REVIEW: Happy Death Day (2017)

Happy Death Day (2017)

Written By: Nigel Asipa
Blumhouse productions seems to have another hit on their hands. With the previous successes such as Get Out, Split, The Purge to name a few, Happy Death Day is this generations Scream with a Groundhog Day twist.
I came in, half looking forward to it. Despite its current box office making back it’s small budget at least 10 times over, I had my trepidations thinking this gonna be yet another hollow scare fest which will be quickly forgotten about in a couple months.
Instead what I got was a smart, savvy, wickedly funny and surprisingly life affirming thriller flick of one sorority girl’s nightmare relived over and over. What it’s got going for it is its acknowledgement of how self-referential it is, as well as its own ridiculousness and playfully addresses common tropes we’re used to nowadays while not being afraid to embrace those clichés. As if to say that certain tropes are worth revisiting, given that it attempts to make things fresh to make that embrace forgivable.
It’s Monday October 18th. Tree’s birthday (Jessica Rothe). A mean spirited, intolerable 20 something who wakes up on the one day where it’s all about her. She’s in a dorm room, in a room with a guy she barely knows (Israel Broussard) and whose company she doesn’t enjoy. She ignores her dads phone calls, she started two fights the night before and disses just about everyone she encounters. The leader of her sorority is just plain awful (Rachel Matthews) and she’s having an affair with one of her lecturers. So yeah, no halo over her head.
At the twilight of her day she’s stalked by a figure behind the mask of her university’s mascot. She thinks it’s just a prankster trying to get their kicks freaking her out of her wits and soon she comes at the wrong end of a knife to wake up to where she started her day.
Everything happens as they occurred before. She even senses déjà vu for a little while and she diverts a different route, she thinks nothing of it and tries to enjoy her day as she’s supposed to, after all it’s her birthday, right? Well the baby-faced killer won’t have it, and goes after her again.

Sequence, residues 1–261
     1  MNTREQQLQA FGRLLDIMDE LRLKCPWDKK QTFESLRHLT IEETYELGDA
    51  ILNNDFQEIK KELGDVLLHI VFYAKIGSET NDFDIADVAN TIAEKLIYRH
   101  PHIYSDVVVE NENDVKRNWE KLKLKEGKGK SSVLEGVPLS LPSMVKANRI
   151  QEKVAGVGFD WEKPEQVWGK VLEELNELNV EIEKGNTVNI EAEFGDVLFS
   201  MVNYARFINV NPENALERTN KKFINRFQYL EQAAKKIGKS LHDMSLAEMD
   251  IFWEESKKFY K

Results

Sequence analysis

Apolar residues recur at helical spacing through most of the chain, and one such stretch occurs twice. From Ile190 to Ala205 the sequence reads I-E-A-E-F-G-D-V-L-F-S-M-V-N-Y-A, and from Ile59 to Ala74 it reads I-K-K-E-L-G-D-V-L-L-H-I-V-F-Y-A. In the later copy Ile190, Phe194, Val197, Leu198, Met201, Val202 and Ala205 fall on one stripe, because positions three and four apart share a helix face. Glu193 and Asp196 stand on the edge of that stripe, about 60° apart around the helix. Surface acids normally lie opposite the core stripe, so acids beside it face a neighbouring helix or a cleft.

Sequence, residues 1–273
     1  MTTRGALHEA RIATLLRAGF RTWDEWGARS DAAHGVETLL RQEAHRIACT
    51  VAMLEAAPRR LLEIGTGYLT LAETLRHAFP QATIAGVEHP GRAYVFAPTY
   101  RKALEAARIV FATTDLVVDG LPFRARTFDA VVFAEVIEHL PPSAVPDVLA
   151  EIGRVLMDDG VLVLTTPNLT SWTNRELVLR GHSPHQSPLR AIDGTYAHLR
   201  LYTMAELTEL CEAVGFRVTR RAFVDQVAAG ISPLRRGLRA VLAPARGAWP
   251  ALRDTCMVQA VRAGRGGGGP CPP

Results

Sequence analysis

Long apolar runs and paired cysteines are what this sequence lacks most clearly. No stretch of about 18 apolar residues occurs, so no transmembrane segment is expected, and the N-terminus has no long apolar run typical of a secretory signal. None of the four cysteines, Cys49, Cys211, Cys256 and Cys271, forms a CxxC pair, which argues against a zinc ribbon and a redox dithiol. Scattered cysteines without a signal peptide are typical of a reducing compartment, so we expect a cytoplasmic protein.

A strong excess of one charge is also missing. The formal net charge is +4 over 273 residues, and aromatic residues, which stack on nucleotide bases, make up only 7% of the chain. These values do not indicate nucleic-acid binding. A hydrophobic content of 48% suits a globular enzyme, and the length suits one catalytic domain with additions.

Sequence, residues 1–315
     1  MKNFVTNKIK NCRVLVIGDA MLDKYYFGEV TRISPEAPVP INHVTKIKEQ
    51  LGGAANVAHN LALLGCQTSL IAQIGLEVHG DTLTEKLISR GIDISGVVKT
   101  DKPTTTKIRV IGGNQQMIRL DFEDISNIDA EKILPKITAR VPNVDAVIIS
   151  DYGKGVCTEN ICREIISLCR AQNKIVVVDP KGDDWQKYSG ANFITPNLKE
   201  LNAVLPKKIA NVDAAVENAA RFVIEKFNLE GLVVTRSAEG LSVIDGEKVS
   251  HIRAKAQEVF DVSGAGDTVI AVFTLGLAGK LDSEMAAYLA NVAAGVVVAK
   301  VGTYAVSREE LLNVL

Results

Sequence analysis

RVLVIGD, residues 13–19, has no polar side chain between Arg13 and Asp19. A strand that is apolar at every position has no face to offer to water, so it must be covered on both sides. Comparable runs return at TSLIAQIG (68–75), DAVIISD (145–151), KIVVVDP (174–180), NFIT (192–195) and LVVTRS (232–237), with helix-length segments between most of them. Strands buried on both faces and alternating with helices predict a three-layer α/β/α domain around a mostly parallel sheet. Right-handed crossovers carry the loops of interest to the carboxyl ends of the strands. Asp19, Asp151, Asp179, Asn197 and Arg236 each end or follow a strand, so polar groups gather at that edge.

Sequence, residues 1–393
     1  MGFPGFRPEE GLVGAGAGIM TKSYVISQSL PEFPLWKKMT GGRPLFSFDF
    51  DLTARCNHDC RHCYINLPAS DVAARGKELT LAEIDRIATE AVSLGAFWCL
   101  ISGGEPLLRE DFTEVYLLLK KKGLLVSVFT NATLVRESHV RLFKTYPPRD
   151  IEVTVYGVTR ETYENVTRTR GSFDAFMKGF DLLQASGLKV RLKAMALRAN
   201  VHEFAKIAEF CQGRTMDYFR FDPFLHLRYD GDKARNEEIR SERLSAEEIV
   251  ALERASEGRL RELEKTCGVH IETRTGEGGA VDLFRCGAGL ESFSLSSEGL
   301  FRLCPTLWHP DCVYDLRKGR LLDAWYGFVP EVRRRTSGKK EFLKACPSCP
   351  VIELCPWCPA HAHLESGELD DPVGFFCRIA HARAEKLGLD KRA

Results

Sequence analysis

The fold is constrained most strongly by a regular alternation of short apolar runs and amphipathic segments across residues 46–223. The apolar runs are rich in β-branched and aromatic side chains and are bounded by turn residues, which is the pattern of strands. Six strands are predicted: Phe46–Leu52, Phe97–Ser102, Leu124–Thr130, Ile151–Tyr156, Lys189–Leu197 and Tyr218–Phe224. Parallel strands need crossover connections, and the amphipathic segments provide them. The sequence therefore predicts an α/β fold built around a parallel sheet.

She wakes up yet again, right where she started and has slight effects of the grim ‘dream’ she just had. She says at that point, “This is a nightmare” and when she notices a sticker that says, ‘this is the first day of the rest of your life’, she sees the twisted irony of her situation and tries to piece together why this is her reality and what she can do about it.
Director Christopher Landen (who wrote Paranormal Activity 2-4 and the spin off, The Marked Ones) does a credible job to balance the irony, oddity and tongue in cheekiness of the whole affair and by adding in a dash a poignancy to entice its audience with recognising the current state of horror fare we get today.
Jessica Rothe has a plum role where she can show the many facets of her character that showcases both her charisma and comedic chops. It’s a breakthrough performance that ironically brings to mind that her character is trying to make a breakthrough in the cycle she’s in.

The scarefactor isn’t that effective and that’s probably because it’s not trying to scare you. It’s got more on its mind; its light-hearted appeal is what offsets the creepo factor and Landon doesn’t leave the audience completely in the dark. Things which seem insignificant at first become suspect to the seemingly inevitable demise of our heroine. There’s misdirection for both her and us, and it’s with this in mind that screenwriter Scott Lobdell makes a little room for pathos that doesn’t feel like an afterthought.
It comes to light it’s not so much about Tree needing to figure out who the killer is, whether she’ll know them or not, but more on how well does she know herself. She’s at her most vulnerable when she feels too comfortable or too familiar. She sees a better version of herself whenever she wakes up and that’s what we all need to do.
Anyway, I slightly digress. 1 real issue I would have though is that when the villain is revealed, it doesn’t make a whole deal of sense. Their motive is ridiculous, though the whole thing is ridiculous, but it doesn’t allow for the ‘oh my god I can’t believe it’s them’ reaction it ought to earn.
Rob Dean from sums up Happy Death Day as failing “to take on riskier elements to produce something that’s as horrifying as it is humorous”. But for all its quirkiness, skimmed violence and vibrant energy, Happy Death Day is feisty, often subversive and entertainingly sadistic that measures up as one of the smartest thrillers I’ve seen in a while.
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